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Market Power in Emission Permit Markets: Theory and Evidence

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  • Beat Hintermann

Abstract

A well-known result about market power in emission permit markets is that efficiency can be achieved by full free allocation to the dominant firm. I show that this result breaks down when taking the interaction between input and output markets into account, even if the firm perceives market power in the permit market alone. In fact, the dominant firm may have an incentive to inflate the permit price even if it receives no free permits at all. I examine the empirical evidence for price manipulation by large electricity firms during Phase I of the EU ETS. I find that the pattern and extent of firms’ allowance holdings are consistent with strategic price manipulation, and they appear unlikely to be the result of precautionary purchases due to carbon risk.

Suggested Citation

  • Beat Hintermann, 2013. "Market Power in Emission Permit Markets: Theory and Evidence," CESifo Working Paper Series 4447, CESifo Group Munich.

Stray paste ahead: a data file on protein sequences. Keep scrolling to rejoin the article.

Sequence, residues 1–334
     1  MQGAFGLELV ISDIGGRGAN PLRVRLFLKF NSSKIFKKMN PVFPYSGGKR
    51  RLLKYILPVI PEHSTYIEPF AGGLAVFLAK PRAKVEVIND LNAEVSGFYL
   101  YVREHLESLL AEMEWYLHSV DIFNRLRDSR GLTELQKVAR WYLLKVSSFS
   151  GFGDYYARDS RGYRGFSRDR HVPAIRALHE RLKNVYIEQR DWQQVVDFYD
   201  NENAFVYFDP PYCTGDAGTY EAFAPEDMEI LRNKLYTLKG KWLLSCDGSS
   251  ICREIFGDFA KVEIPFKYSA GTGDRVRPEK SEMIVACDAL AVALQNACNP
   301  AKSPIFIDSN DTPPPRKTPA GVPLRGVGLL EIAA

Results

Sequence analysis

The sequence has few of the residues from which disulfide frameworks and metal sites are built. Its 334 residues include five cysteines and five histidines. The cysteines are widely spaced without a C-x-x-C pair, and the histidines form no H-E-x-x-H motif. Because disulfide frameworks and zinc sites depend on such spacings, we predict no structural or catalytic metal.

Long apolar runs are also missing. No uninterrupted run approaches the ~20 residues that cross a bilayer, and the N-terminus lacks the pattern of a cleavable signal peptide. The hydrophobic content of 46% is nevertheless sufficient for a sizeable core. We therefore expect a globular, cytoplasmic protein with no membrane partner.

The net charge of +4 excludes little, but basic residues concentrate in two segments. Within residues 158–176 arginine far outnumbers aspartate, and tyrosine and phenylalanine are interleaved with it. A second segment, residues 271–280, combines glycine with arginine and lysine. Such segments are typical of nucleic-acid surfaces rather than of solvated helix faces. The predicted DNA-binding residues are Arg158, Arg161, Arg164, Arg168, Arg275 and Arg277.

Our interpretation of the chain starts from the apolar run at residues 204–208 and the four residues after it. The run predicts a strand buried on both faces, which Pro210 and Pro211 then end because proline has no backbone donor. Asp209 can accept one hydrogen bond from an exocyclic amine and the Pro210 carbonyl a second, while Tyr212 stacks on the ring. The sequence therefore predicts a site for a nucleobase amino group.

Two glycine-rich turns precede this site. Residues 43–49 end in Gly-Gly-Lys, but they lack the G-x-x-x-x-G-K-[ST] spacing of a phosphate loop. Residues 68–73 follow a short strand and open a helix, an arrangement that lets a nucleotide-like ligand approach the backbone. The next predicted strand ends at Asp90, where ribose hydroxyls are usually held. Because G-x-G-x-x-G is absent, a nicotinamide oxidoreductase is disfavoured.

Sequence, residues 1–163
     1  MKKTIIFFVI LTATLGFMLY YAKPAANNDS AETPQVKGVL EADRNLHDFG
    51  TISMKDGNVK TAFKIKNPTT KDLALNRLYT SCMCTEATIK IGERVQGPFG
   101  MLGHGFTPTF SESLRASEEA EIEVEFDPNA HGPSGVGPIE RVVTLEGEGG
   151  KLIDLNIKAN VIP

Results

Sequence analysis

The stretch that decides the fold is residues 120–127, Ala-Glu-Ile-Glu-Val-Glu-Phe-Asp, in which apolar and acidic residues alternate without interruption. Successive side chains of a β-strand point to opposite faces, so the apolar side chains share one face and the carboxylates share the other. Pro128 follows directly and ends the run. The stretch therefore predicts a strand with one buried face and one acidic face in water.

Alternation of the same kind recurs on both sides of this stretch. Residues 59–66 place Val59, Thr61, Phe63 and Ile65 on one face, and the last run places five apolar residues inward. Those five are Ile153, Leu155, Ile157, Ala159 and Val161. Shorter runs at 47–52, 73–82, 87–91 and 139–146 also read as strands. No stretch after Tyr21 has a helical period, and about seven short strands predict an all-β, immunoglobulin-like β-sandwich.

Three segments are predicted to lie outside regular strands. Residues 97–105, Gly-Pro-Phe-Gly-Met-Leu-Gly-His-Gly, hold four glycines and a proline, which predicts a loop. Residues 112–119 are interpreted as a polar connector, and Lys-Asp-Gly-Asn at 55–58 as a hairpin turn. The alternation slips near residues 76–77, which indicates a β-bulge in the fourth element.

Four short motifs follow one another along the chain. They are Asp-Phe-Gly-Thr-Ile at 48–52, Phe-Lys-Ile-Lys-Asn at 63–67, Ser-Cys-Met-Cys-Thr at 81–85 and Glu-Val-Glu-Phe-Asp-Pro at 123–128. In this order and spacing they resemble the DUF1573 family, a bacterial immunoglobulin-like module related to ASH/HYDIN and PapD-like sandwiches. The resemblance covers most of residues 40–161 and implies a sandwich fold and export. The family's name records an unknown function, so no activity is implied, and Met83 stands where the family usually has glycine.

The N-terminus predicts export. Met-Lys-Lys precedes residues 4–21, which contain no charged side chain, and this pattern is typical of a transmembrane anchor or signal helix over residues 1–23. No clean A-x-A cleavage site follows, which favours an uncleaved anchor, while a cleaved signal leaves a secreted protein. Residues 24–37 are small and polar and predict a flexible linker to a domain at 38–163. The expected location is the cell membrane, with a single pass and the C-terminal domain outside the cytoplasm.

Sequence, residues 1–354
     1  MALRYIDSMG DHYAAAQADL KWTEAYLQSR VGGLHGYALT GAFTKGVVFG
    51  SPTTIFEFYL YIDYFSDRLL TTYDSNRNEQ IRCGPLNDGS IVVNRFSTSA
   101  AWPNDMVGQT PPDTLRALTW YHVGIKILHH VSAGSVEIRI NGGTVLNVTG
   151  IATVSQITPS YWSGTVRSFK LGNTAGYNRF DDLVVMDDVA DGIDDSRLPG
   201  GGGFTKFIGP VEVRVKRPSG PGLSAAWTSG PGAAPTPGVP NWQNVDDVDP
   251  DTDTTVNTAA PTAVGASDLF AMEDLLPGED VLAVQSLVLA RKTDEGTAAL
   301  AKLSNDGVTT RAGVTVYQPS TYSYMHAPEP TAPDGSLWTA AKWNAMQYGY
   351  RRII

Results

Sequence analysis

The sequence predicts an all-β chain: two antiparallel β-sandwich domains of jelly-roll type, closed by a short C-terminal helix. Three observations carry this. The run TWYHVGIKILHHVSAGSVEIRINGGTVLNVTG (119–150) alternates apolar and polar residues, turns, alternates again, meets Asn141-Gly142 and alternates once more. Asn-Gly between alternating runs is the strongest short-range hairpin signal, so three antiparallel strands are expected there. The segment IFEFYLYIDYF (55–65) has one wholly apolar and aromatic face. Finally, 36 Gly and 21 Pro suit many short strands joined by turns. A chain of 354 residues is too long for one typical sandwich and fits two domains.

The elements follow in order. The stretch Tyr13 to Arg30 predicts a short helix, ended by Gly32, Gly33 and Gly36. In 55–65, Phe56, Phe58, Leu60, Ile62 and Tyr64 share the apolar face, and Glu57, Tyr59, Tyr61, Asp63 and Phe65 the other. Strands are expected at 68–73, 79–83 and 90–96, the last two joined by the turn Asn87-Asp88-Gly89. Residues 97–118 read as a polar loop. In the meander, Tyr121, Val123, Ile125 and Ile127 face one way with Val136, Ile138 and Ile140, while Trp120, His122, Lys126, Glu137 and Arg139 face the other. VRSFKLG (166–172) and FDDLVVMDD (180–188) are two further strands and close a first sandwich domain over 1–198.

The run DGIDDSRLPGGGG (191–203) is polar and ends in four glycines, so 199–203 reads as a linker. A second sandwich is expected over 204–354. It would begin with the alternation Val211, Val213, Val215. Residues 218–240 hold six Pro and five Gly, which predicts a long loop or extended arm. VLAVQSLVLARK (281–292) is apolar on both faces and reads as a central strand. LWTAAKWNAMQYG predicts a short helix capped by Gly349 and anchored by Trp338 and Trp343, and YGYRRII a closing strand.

• Handle: RePEc:ces:ceswps:_4447
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    File URL: http://www.cesifo-group.de/DocDL/cesifo1_wp4447.pdf
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    References listed on IDEAS

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    Citations

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    Cited by:

    1. Johansson, Per-Olov, 2015. "Tradable Permits in Cost-Benefit Analysis," SSE Working Paper Series in Economics 2015:3, Stockholm School of Economics.
    2. Hintermann, Beat & Peterson, Sonja & Rickels, Wilfried, 2014. "Price and market behavior in Phase II of the EU ETS," Kiel Working Papers 1962, Kiel Institute for the World Economy (IfW).
    3. Jean-Philippe Nicolaï, 2015. "Emission Reduction and Profit-Neutral Permit Allocations," CER-ETH Economics working paper series 15/224, CER-ETH - Center of Economic Research (CER-ETH) at ETH Zurich.

    More about this item

    Keywords

    emission permit market; market power; cost pass-through; price manipulation;

    JEL classification:

    • H32 - Public Economics - - Fiscal Policies and Behavior of Economic Agents - - - Firm
    • Q48 - Agricultural and Natural Resource Economics; Environmental and Ecological Economics - - Energy - - - Government Policy
    • Q53 - Agricultural and Natural Resource Economics; Environmental and Ecological Economics - - Environmental Economics - - - Air Pollution; Water Pollution; Noise; Hazardous Waste; Solid Waste; Recycling
    • Q54 - Agricultural and Natural Resource Economics; Environmental and Ecological Economics - - Environmental Economics - - - Climate; Natural Disasters and their Management; Global Warming
    • Q58 - Agricultural and Natural Resource Economics; Environmental and Ecological Economics - - Environmental Economics - - - Environmental Economics: Government Policy

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